But you’re not the one stuck in a cell while potential rapists rattle the keys outside your door.

He longed for Jessica. Not a minute went by that he didn’t think of her. Jason had advised against bringing her to the prison, even in visiting hours. The mere sight of her would cause enough jealousy among the guards and other inmates to make Nicholas a target. The price of marrying a supermodel.

Nicholas had been incredulous at the outlandish statement, but Jason Kreely had been firm. “Forget everything you understand about human nature, Nicholas. These people have no moral compass; that’s why they’re here. And remember, the guards are not much better than the inmates. There is very little difference between the two. Don’t give them a reason to bully you. If you do, they will torment you until you break under the strain and then silence you before you have a chance to speak.”

“Why can’t you get me out of here?” Nicholas had been on the verge of tears. It was unlike him, but weeks of stress and constant threats on his body and very life were beginning to take their toll. Not to mention the fact that he stood to spend the best years of his life in prison.

Nicholas had to constantly remind himself that not everyone was his enemy. He'd actually fired Jason at one point and accused him of conspiring with the courts against their case, before coming to his senses and apologising. Jason had been gracious and never mentioned the incident.

The idea of a conspiracy still hovered over Nicholas like an oppressive tyrant. He was unable to shake the idea that other prisoners were watching his every move as if waiting to strike the moment a chance presented itself. He tried to convince himself that they were merely curious of the newcomer, but it was impossible.

He felt like one fighting the tide. Willow's documents had vanished and so had his witnesses, the policemen he'd given the documents to. He had considered mentioning the Anglican minister to Jason but was afraid that Kanabas might meet the same end as the policemen. Decklin Kanabas was his only hope and Nicholas refused to risk giving him up to the people who had put him in prison and sealed his fate.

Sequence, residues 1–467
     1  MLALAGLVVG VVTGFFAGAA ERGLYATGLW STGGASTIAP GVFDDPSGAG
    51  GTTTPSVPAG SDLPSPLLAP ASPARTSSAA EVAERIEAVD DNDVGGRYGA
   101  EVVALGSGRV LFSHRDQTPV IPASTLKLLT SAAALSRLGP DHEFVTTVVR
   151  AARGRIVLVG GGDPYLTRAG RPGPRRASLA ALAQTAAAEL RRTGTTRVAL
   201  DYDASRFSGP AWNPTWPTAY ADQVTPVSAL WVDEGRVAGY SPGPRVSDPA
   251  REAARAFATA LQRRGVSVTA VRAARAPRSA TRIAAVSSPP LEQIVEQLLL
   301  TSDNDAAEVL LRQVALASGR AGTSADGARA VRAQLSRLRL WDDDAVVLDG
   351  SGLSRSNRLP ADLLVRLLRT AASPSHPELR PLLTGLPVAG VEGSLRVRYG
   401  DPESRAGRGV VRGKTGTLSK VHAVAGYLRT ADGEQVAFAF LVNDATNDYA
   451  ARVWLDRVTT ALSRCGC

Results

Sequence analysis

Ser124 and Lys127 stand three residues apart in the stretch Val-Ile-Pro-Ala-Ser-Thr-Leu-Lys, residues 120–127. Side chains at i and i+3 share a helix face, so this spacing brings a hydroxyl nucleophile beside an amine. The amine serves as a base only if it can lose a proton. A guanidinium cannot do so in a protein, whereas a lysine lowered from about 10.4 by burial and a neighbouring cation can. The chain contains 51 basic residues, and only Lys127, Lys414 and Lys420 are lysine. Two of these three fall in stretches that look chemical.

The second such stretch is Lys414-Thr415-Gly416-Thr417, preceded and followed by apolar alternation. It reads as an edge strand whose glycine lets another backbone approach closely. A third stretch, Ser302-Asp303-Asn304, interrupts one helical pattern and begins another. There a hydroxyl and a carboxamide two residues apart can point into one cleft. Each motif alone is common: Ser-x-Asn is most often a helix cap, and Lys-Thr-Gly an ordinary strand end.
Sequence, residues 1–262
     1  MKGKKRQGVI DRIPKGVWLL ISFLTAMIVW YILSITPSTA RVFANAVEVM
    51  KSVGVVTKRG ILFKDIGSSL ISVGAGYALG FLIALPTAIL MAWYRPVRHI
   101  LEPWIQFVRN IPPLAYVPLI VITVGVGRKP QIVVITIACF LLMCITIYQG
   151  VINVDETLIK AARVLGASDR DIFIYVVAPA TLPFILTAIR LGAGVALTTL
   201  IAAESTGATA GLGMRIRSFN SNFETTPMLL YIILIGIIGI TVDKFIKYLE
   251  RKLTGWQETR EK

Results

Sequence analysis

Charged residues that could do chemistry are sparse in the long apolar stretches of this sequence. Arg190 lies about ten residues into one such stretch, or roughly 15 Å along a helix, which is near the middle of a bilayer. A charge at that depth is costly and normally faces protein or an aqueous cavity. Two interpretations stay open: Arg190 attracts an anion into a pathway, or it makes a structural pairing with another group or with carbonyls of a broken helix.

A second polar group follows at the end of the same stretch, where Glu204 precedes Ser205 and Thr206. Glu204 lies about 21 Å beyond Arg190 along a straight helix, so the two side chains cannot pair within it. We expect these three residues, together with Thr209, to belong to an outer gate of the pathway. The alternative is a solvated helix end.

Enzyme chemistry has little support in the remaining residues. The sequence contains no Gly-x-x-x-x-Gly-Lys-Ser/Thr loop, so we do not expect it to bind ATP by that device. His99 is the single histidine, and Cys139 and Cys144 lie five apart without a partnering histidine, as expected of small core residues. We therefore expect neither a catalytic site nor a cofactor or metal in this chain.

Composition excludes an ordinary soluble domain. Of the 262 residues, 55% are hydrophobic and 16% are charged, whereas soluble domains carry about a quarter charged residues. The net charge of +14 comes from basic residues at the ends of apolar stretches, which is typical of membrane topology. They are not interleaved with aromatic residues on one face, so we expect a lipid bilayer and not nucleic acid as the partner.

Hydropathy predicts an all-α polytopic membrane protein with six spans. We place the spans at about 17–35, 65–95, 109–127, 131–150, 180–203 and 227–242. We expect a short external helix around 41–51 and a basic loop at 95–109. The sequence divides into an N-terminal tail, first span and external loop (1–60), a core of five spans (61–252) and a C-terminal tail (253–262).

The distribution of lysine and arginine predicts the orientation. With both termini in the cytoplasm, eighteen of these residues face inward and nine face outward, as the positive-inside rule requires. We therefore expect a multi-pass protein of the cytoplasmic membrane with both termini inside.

One thing prison had taught him was to trust nobody. He wouldn’t even risk a phone call, as his movements and conversations could be monitored far too easily inside the prison walls. When the time came, he would contact Kanabas, but not before.

Nicholas knew enough about the law to know that he needed to be proved guilty beyond reasonable doubt. It was a long shot, but if a priest could testify and be convincing enough to a judge – even one who was perhaps less than impartial – he still had a chance.

Footsteps interrupted his thoughts. Three or four sets. He held his breath as they approached his cell. They stopped outside and once again, he heard the keys jingling, searching for the lock.

He had played out the scenario every night since the first incident and knew what he needed to do. With quivering hands, he reached for the loose slat carefully positioned near the top of his bed within easy reach. All the while, he wished fervently that this was just another sick prank on the part of the guards.

The slat had been easily concealed. It had, in fact, been a handle from a broken broom. Nicholas had been told to get rid of the item and had quietly slipped the handle down his collar and the upper part of his right leg. One became inventive in prison. It had taken several nights of scraping, but he had managed to sharpen the broken end to a point and kept it hidden under his mattress.

“Kom ryk seun, come rich boy. It’s time to work for your money.” Constable van Rensburg. Nicholas recognised the guard’s voice. The man had tormented him from the moment he’d arrived.

Several chuckles echoed in the darkness. Some were the voices of guards, but others were of a more sinister timbre that bore the mark of prison inmates.

The keys rattled in the lock once more. Nicholas closed his eyes tightly. Then he heard the click. This was no joke, he realised. This time he faced the real thing.

 ~~~~~~~~~~~~End of Excerpt~~~~~~~~~~~~

To Fear the Dawn has a good ranking on Amazon: 

Amazon Best Sellers Rank: #18,625 Paid in Kindle Store (See Top 100 Paid in Kindle Store)

And some very positive and encouraging reviews. Here is just a sample:

To read more go here: To Fear the Dawn Reviews

on January 26, 2017
Just finished reading this book and was super impressed at author Sean Young's ability to hold my ADD brain's attention span captive. It's definitely the kind of book that you need to block out some time to read. While there are many changes of settings with characters on the run, overall, I felt like the passage through the plot was realistic. The premise at the beginning seems a bit out there, but, the farther you read, the more plausible it becomes and makes a person really think about who really controls world-influencers: the people with power, the wealthy and the like. I must say it was very unsettling. Using a priest to aid and abet the main character, Nicholas who was truly seeking the truth and the right path, but couldn't always use a virtuous route, was such an interesting character development. Mr Young developed his characters into full-dimensional people--so much so, that at times I wanted to cheer for them and, at other times, I wanted to wring their necks for their stupidity. Seeing a man-of-the-cloth developed so thoroughly was a pleasant surprise. It created a paradox in my mind initially that led me to some greater self-discovery. It is a thriller so there is obvious evil and the consequences of it throughout the book. Which "right" will you side with? When will the truth finally be revealed or will it? The climax and ending took me completely by surprise. However, it doesn't leave you hanging and needing to buy a sequel which I really appreciated. Kudos to author Sean Young on an excellent thriller that will appeal to both men and women and keep you riveted while reading.